In addition, a total of five different conformational states of the PTH-bound PTH1 receptor and Gs protein complex were obtained from the samples, and computer simulation analysis revealed that these conformational states represent the conformational changes during the process of PTH release from the receptor.

The results of this study are expected to deepen our understanding of the structural basis for the differences in physiological responses between PTH and PTHrP, and to facilitate the development of osteoporosis drugs with fewer side effects.

Contents of Presentation

Background of the research and problems in previous studies
G protein-coupled receptors (GPCRs, (Note 6) ) form the largest family of proteins in humans, and the approximately 800 species of GPCRs regulate most physiological phenomena in humans. The PTH1 receptor, the subject of this study, is known as one of the most important factors in bone metabolism; its binding to two endogenous ligands (Note 7 ), PTH and PTHrP, causes a conformational change to the active form, and the activated PTH1 receptor induces bone formation. Because of these osteogenic effects, these ligands and their modified ligands are used as the main therapeutic agents for osteoporosis. However, these drugs also induce bone destruction as a side effect, and the search for new osteoporosis drugs with fewer side effects continues. In particular, PTHrP is characterized by a lower incidence of side effects than PTH, and it has been reported that the side effects of PTH and PTHrP are correlated with the length of time the receptor is activated. Therefore, the development of osteoporosis drugs with fewer side effects is long awaited by using the steric structure of the PTH1 receptor bound to PTH and PTHrP to elucidate the mechanism that controls the activation time of the receptor. However, the steric structure of the PTH1 receptor activated by these ligands has not been clarified, making it difficult to determine the control mechanism of receptor activation time.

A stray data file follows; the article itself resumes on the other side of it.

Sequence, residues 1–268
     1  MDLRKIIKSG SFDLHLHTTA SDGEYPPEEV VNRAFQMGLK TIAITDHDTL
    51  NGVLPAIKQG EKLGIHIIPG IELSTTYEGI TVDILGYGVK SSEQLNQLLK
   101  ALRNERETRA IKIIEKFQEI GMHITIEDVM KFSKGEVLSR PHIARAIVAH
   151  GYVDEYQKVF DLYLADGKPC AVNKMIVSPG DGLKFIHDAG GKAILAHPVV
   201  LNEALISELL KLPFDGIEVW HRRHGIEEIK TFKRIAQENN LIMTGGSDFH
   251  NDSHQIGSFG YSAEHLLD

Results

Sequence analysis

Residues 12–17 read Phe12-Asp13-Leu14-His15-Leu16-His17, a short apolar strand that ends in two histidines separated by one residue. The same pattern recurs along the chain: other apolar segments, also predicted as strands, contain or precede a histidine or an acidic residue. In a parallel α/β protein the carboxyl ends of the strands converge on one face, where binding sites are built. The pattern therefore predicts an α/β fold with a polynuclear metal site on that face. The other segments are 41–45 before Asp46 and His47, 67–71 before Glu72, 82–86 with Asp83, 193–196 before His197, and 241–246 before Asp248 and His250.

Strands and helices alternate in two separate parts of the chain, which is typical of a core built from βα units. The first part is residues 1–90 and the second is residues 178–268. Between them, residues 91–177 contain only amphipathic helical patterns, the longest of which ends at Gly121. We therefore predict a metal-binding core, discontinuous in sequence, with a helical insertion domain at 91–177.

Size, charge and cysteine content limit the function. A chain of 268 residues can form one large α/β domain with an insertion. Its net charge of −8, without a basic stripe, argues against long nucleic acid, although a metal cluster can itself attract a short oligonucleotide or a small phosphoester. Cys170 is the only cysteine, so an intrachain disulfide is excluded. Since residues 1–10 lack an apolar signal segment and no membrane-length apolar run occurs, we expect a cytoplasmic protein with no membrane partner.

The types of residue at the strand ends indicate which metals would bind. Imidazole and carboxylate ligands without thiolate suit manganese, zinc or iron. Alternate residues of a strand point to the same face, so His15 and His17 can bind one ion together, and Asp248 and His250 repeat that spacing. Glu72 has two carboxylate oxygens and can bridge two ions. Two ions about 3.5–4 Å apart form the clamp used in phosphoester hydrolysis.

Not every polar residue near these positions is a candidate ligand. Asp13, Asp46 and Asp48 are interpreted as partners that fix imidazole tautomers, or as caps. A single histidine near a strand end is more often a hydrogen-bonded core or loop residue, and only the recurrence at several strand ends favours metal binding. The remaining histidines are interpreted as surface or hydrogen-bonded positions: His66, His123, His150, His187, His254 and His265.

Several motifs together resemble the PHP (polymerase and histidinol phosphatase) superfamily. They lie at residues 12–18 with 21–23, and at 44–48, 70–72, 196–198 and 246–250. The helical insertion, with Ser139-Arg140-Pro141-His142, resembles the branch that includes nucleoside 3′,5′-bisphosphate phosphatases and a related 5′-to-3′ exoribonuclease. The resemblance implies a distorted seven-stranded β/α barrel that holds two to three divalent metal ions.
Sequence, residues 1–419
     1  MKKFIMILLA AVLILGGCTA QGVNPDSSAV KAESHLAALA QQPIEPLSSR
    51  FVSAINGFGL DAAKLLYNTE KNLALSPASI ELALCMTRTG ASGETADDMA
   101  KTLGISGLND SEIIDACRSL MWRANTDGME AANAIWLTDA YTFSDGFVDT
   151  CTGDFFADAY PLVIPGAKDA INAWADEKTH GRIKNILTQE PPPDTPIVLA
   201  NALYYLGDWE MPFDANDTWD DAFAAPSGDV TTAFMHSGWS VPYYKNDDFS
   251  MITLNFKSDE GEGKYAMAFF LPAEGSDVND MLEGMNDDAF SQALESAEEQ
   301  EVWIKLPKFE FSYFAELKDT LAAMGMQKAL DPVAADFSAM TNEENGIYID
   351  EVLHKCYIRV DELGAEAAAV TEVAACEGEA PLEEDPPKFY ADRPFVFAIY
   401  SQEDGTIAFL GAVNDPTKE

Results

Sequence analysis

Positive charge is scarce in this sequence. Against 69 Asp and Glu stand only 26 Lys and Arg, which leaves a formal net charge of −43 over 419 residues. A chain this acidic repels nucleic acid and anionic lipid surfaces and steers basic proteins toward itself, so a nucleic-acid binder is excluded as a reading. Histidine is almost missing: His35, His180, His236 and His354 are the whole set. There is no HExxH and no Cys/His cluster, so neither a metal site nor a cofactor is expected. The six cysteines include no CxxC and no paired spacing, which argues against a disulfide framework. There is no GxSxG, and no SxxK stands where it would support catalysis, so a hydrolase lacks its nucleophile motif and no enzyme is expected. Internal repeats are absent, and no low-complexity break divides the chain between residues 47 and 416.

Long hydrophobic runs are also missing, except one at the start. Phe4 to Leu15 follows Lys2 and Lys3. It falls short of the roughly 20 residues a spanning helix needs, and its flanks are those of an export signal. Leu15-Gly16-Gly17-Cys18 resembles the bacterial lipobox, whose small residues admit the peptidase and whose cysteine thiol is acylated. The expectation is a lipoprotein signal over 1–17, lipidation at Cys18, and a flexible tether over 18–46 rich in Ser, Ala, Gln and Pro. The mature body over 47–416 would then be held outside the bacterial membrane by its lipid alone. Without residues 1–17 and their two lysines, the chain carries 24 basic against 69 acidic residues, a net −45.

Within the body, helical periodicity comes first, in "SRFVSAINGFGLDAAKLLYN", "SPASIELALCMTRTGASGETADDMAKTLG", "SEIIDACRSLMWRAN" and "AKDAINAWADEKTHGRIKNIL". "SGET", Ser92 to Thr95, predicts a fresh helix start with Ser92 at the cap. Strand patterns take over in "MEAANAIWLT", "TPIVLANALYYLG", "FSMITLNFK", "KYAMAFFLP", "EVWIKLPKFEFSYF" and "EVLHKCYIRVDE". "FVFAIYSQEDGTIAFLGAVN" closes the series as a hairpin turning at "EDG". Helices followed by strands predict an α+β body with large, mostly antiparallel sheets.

Research Details
In this study, a research group led by Kazuhiro Kobayashi, Doctoral student, Assistant Professor Shoji Kusaki, Associate Professor Hideaki Kato, and Professor Osamu Nureki at the Graduate School of Science, The University of Tokyo, clarified the steric structure of the activated complex of the PTH1 receptor bound to PTH or PTHrP and Gs protein trimer by single particle analysis using cryo-electron emission microscopy PTH bound at its C-terminus to the extracellular domain of the PTH1 receptor (Note 8 ) and at its N-terminus to the transmembrane domain of the PTH1 receptor (Note 9), and these interactions formed a stable helix structure with almost the entire ligand length.

Figure 1: Overall structure of the PTH1 receptor signaling complex.
The figure shows the overall structure of the signaling complex of PTH-bound PTH1 receptor and Gs protein (left panel) and PTHrP-bound PTH1 receptor and Gs protein (right panel). In this study, the structure of Gαs was successfully determined using mini Gαs, a thermostable mutant of Gαs. In order to improve the stability of the signaling complex, an antibody that recognizes the complex structure, Nb35, was used.